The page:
In our previous post, we responded to AiR member Christy's comment about her accute concern for her sister and her nephew. Christy then supplied us more information about the situation. Her new comment, and our new response are below.
Thank you for your response, Dominique, but it's even more involved than anyone can imagine. My sister who is elderly (67 but seems older) also take opiates and denies they both have problems. I have tried reaching out but she gets very defensive in her denial and lashes out. I've been over there in the past, where I've seen my nephew high as a kite, and she got mad at me for bringing it to her attention. How dare I say that he's high and telling me "he's FINE"!! There are other forces there that get in the way. She speaks for him, to the point, where I have to say, "I'm not talking to YOU"! He defends her, she defends him, it's just a drain on me to the point where I've had to step back and just pray for them. They don't want counseling and when they do start, there's no follow through. I can't make them do the things necessary for their sobriety…They do have to want that, and they don't want it clearly…
My nephew has absolutely no life skills and I'm afraid that if something happens to his mom, he won't want to live. She does not encourage him at all to have his own life, because then she would be alone…esp since her husband died last year.
They were too high to bury him, and I had to make arrangements, in spite of others telling me to not do it because I was enabling. I did it out of respect for his family. They showed up high as a kite to the funeral and I was so embarrassed for them, as well as myself, but I've been dealing with this for years now. I'm walking away now. I've even asked Elder Services to step in, but they said unless she wants help, she really has a right to live how she wants in her own home. I've had to bail them out so many times in the past, but it's never appreciated or even acknowledged. If anything, they'd rob me blind if they had the chance.
My only hope is really for my nephew at this point, but what addict wouldn't want to stay where his supply is, and nothing expected of him, in the way of going out and making his own way. I'm just afraid of the aftermath, should my sister pass…I'm too old and too tired to take on his addiction. I've care-taken the whole family at one point or another in my life, and did it on my own with no help whatsoever. I need a break. Fortunately they're not calling non-stop like before. She blew thru her inheritance, so the only time she would call is for money. But that well is dry now. I could go on and on but I'll stop here and spare you the harrowing details. I think it's probably more important for me to stand back and figure out my own life. I honestly don't know what else I can do for him. If I send him letters, a cell phone with a private number to call me, she calls…she reads his mail…It's horrible. Thanks for listening Dominique.
Christy, this is such a clear description of the depth and the destructive forces of substance abuse. I am so sorry for your family. Just reading about your repeated efforts to step in over the years was exhausting.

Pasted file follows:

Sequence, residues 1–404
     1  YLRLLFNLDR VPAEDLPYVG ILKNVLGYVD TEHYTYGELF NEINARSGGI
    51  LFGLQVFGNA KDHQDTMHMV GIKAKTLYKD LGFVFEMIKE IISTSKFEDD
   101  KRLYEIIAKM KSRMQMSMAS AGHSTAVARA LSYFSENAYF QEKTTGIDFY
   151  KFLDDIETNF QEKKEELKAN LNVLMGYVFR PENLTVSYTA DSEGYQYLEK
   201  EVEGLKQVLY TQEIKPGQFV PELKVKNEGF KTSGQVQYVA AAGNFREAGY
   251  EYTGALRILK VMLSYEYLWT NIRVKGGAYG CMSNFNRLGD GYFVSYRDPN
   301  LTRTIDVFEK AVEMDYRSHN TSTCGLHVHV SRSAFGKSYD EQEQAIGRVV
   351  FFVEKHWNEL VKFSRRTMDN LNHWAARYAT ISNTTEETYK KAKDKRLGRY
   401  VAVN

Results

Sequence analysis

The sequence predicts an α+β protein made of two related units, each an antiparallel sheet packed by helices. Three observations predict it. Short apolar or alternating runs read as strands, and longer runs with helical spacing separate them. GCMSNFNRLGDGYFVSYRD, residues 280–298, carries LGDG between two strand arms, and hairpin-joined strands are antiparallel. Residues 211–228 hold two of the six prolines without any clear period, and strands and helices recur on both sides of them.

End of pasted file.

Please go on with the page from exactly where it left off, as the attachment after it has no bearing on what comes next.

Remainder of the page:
The Closed Loop
What you’re describing between your sister and nephew is one of the most difficult situations. One props up the other, in this reinforcing closed loop.
This loop is most common in partner relationships, where two people in an intimate relationship share a secret life removed from the public, either numb and dumb when high from the drugs, or in a private hell when the drugs run out or when one wants out.
What Does it Mean When Someone Wants Out?
It sounds like this has happened at least several times. One or the other wanted out and made it to treatment, only they didn’t stay in treatment long and were pulled back into the fold.
I would just point out that this is motivation to change.
Going to any treatment, even one time, means that your sister or nephew has some understanding of their predicament and don’t like it. In fact there are times they are so fed up with their life, they are willing to go sit with someone willing to show them the path out.
Your nephew’s home life is made up of an active user, with whom he is enmeshed. This makes getting clean and sober terrifically hard. Whatever inheritance money they received after your brother-in-law’s death probably deepened the drug use.
As hard as all this sounds, the chance that your sister and/or nephew will seek help and get sober is better because you are in their life and you are on this site.
The Stance to Adopt: This is What You Can Do
The stance is one we have described in other posts: you maintain a bridge with them. You are loving and calm, but detached whenever they are high. You don’t step in when you see one or both high. You are at a close distance, ready to help, list of treatment options in hand, support at the ready.
The message you send is clear: I am here, ready to help, when you’re ready. And then you wait.
If the stress is too great, you look into a civil commitment in your area. This is no magic bullet but it completes what you can do.
Two other points:
- Like you did by contacting elder services, reach out to emergency responders whenever there is any sign of danger. Call the police and ask for a wellness check. Call an ambulance if you see your family member oddly unresponsive. Put aside embarrassment or other consequences if you can, and pull in public safety.
- Once this stance and plan are in place, turn back and focus on your own life. Know that you have done what is possible and, other than patience and waiting, put your energy into what you love. This is also about your life. Our Sanctuary provides lots of ways to kick start self-care.
My heart goes out to you and your family.